Web Publishers’ Community – April update
This month’s WPC session focused on the EdWeb Roadmap, campus maps development and included a special guest talk from University-turned-Skyscanner employee David Pier.
EdWeb Project Update – Bruce Darby
Migration has now finished, with the University homepage going live on 19th April.
Now we’re in the process of getting ready to decommission Polopoly, so have a read of our archiving instructions if you haven’t already.
Bruce suggested editors have a check over their sites to make sure there are no links to documents stored in Polopoly, and if so, move these documents to EdWeb.
EdWeb Roadmap – Bruce Darby
We’ve recently put out a survey to the University website community to help us prioritise future EdWeb enhancements. Bruce explained the long neck theory, where we expect the survey results to show that a small number of features receive the majority of the votes, which will subsequently be the feature we focus on developing.
Our survey is based on our new EdWeb roadmap—a tool which helps us communicate what had been deployed, what is being deployed and what could be de deployed in future.
The roadmap is divided into themes (high level grouping of areas of development), epic groups (add further information and clarity to themes) and epics (high-level overviews of particular areas of functionality for EdWeb).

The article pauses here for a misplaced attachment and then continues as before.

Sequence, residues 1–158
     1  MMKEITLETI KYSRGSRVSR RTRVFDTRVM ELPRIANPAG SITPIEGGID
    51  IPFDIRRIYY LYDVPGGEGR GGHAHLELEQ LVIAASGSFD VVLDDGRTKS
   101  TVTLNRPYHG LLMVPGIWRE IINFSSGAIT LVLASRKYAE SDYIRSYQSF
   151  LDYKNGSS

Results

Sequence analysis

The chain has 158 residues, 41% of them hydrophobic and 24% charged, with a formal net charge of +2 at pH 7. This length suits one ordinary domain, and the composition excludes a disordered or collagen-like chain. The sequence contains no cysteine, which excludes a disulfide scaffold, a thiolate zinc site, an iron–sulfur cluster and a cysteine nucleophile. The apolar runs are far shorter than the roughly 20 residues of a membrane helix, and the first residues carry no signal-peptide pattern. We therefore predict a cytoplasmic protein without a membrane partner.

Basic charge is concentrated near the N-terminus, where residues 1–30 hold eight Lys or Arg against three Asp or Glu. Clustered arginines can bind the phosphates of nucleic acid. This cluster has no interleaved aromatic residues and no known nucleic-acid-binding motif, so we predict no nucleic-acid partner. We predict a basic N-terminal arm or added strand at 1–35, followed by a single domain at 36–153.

Campus Maps – Callum Kerr
Callum gave us a demonstration of the new Campus Maps page in EdWeb, both on mobile and non-mobile devices. The new Campus Maps page includes an A-Z search and touch-friendly toggles.
From the University to Skyscanner: experiences in product management- David Pier
David Pier, formally an Academic eFacilitator at the University, joined us to talk about his job as a Product Manager at Skyscanner.
David described the product management routine while at the University as consisting of identifying the user need, design brief, development and finally shipping the product. In contrast, Skyscanner uses a lean agile method, which sees the creation of a prototype, user testing and refinement before development begins. This allows the company to build as fast and fail as fast as possible.
Skyscanner uses Spotify’s squad model, which divides the company into small self-organising groups that have end-to-end responsibility for the area they work on. This localised structure aids in faster development as decisions don’t need to wait for approval from managers and committees.
David shared an example of some of the work he’s been involved in, namely making improvements to the site’s mobile interface for flight results. He explained that when new features are developed, the feature is shipped to half the users, while things stay the same for the other half. This allows them to see whether the feature has made a positive impact, and if so, the feature is shipped. If there is a negative impact (or none), improvements are made until they get it right or they decide no impact is to be had.
Join us at our next Web Publishers’ Community in May.